Stakeholders Welcome New MU Flexibility, But Worry About Timing


A proposed rule published Tuesday by CMS and the ONC would give providers more flexibility in attesting to meaningful use during the 2014 reporting period.

Under the modified attestation schedule, providers that were not able to fully implement 2014 Edition certified EHR technology in time to successfully attest to meaningful use would be able to use 2011 Edition CEHRT or a combination of 2011 and 2014 Edition to attest to either stage 1 or stage 2. Providers would also be able to attest to meaningful use under the 2013 reporting year definition and use 2013's clinical quality measures.

"Increasing the adoption of EHRs is key to improving the nation's healthcare system and the steps we are taking today will give new options to those who, through no fault of their own, have been unable to get the new 2014 Edition technology, including those at high risk, such as smaller providers and rural hospitals," said Karen DeSalvo, MD, the national coordinator for health IT, in a statement.  

Many industry organizations had called on CMS and ONC to increase the flexibility of the meaningful use program, calls that increased after CMS announced just four hospitals had attested to stage 2 during the first half of the 2014 reporting period. Concerns about vendor readiness and delays in the delivery of 2014 Edition CEHRT were often cited as significant barriers to successful attestation.

To those groups, this new rule is seen as a welcomed and needed adjustment.

"If the government acts quickly to finalize the proposed rule, it will provide the flexibility needed for our members and their organizations to adequately optimize newly deployed technology and ensure success of the program," said Russell P. Branzell, president and CEO of the College of Healthcare Information Management Executives, in a statement.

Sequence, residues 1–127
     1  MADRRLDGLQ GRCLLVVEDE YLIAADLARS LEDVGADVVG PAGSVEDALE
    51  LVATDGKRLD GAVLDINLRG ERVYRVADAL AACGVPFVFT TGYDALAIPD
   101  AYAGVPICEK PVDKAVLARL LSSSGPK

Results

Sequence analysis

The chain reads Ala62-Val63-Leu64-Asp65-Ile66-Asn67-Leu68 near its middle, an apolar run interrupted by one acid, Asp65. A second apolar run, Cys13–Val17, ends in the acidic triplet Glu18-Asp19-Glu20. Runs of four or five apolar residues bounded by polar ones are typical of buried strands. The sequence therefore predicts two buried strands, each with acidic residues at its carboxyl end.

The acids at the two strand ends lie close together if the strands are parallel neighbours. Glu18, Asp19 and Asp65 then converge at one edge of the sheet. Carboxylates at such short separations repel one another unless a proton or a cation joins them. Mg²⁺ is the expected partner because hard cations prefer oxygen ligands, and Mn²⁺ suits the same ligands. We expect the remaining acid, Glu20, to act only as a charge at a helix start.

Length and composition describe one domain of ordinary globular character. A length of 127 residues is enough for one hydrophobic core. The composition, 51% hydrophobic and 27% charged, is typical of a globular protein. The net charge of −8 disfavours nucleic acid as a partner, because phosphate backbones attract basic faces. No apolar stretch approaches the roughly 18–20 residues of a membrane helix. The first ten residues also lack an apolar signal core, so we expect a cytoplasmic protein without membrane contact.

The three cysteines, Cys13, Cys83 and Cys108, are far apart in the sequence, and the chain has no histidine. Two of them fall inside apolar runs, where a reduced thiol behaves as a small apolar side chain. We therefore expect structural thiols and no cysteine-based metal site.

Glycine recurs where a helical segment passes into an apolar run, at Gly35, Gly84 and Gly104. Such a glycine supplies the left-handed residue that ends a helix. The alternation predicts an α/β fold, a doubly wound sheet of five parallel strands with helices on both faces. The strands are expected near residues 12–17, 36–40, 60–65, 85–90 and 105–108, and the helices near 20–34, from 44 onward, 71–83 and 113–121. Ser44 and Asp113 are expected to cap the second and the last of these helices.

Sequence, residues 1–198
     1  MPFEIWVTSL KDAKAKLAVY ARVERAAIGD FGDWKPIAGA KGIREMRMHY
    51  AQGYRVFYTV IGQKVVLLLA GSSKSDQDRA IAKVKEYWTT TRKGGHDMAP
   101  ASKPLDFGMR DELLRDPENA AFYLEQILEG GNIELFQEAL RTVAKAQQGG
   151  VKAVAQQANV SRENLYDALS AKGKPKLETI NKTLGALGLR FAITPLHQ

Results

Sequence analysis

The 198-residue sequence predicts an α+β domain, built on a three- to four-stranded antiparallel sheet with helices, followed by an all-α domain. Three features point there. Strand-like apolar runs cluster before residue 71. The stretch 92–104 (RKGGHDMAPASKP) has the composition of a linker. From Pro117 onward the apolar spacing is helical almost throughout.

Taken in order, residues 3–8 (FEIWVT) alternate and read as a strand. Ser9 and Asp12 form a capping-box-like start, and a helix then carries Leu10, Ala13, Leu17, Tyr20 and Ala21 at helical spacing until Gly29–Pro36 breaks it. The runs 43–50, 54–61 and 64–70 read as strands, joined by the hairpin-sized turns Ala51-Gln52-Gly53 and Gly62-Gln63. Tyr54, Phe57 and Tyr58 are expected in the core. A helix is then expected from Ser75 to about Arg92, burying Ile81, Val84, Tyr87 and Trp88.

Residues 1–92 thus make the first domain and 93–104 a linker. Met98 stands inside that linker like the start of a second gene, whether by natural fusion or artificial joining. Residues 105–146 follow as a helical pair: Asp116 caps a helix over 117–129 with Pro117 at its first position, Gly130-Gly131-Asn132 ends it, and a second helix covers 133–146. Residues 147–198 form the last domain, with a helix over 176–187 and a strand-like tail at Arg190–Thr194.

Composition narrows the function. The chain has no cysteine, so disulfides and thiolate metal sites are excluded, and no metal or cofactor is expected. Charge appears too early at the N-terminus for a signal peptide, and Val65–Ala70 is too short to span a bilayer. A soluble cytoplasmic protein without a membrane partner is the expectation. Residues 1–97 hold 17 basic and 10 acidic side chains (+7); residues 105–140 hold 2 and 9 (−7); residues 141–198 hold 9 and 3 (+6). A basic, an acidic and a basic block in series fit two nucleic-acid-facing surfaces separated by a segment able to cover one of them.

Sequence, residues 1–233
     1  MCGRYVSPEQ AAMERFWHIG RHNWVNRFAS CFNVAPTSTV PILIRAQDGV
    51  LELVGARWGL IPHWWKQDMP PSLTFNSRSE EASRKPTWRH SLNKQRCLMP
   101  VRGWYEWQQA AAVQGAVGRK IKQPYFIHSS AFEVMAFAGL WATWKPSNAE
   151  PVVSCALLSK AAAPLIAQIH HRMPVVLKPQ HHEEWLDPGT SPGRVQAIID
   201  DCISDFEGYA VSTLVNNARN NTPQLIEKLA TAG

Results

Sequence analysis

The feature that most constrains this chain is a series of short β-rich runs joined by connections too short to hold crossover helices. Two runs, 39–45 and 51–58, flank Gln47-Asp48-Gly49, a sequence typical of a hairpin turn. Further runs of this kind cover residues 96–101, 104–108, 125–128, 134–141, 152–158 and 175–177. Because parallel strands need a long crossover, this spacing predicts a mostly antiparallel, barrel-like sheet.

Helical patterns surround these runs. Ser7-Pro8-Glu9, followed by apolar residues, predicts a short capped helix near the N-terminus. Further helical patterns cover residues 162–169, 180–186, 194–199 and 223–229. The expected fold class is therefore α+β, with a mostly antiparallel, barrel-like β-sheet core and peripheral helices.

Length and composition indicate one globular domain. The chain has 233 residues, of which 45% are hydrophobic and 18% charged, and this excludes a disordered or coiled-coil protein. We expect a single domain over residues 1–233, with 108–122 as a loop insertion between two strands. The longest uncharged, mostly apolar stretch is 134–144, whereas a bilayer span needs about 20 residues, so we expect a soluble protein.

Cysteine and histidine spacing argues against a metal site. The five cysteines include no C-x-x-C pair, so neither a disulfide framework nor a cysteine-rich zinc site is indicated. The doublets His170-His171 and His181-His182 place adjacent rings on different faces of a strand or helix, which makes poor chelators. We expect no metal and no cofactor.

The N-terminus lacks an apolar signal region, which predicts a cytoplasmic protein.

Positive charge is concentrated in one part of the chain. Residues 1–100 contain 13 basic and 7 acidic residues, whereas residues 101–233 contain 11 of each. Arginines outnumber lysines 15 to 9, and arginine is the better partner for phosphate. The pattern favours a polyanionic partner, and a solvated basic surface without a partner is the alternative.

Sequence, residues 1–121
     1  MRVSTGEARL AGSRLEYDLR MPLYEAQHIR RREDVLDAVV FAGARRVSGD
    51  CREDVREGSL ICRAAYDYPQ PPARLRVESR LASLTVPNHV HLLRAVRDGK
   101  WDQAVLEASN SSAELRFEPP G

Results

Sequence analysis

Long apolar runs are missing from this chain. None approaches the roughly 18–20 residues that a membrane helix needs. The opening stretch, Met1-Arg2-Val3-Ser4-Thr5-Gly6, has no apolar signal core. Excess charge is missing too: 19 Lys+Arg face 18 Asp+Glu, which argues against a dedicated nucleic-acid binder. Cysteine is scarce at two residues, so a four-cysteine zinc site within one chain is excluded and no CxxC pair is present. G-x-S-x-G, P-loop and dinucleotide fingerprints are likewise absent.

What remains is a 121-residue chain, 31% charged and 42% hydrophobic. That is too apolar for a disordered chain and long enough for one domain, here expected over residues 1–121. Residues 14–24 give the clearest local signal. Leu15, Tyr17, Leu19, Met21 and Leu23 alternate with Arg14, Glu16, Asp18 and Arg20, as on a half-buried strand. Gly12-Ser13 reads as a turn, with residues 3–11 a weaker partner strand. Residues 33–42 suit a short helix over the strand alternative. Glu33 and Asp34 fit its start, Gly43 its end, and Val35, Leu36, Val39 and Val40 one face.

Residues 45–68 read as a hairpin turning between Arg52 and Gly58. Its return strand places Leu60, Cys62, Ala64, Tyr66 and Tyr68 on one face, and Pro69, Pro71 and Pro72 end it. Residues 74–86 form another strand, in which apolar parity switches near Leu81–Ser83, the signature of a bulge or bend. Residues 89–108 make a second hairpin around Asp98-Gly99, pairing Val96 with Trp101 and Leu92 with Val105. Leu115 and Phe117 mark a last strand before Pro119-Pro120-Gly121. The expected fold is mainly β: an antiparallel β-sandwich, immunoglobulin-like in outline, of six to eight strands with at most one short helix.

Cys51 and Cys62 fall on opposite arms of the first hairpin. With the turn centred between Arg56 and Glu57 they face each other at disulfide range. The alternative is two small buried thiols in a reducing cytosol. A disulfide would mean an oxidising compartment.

"This was needed some time ago," says Mark Odom, CIO of St. Bernards Healthcare in Jonesboro, Ark. St. Bernards, facing vendor delays for 2014 Edition technology, engaged third-party vendors to help the health system meet the requirements, which could now seem like money wasted, he says.

"But at the time we couldn't count on [a delay]," he says, noting he and other healthcare CIOs still can't count on it — the ability of providers to take advantage of the new flexibility will depend on CMS' ability to implement the proposed rule in time for it to be of use to providers. The public comment period on the proposed rule is 60 days and the final meaningful use reporting period for 2014 begins July 1, meaning healthcare leaders may have to make a decision about attestation before they know for sure the fate of the proposed rule.

"We have to be done [with the three-month attestation period] by Oct. 1, and the comment period will last until July 20 — you see the problem," he says. "So we have to push forward [with stage 2], if only to find out we didn't need to…we can't afford not to attest."

More Articles on Meaningful Use:

What's Next for RECs: 6 Statistics
MU Attestation Not Associated With Care Quality, According to Brigham and Women's Hospital Study
IOM Recommends EHR Data Domains for MU3


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